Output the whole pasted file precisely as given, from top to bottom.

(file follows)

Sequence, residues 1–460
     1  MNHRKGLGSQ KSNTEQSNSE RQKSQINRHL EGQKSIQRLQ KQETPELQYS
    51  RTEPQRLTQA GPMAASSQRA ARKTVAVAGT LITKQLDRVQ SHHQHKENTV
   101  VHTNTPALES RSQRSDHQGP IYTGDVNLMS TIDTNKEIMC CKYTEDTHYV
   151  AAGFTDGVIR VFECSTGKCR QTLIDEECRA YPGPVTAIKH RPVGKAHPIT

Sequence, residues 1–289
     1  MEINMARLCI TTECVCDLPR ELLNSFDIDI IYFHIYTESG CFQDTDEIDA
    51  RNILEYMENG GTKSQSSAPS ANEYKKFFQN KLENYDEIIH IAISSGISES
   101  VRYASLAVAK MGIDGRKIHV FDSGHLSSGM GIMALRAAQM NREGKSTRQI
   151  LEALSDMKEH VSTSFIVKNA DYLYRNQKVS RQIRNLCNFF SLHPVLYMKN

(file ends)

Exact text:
Sequence, residues 1–460
     1  MNHRKGLGSQ KSNTEQSNSE RQKSQINRHL EGQKSIQRLQ KQETPELQYS
    51  RTEPQRLTQA GPMAASSQRA ARKTVAVAGT LITKQLDRVQ SHHQHKENTV
   101  VHTNTPALES RSQRSDHQGP IYTGDVNLMS TIDTNKEIMC CKYTEDTHYV
   151  AAGFTDGVIR VFECSTGKCR QTLIDEECRA YPGPVTAIKH RPVGKAHPIT

Sequence, residues 1–289
     1  MEINMARLCI TTECVCDLPR ELLNSFDIDI IYFHIYTESG CFQDTDEIDA
    51  RNILEYMENG GTKSQSSAPS ANEYKKFFQN KLENYDEIIH IAISSGISES
   101  VRYASLAVAK MGIDGRKIHV FDSGHLSSGM GIMALRAAQM NREGKSTRQI
   151  LEALSDMKEH VSTSFIVKNA DYLYRNQKVS RQIRNLCNFF SLHPVLYMKN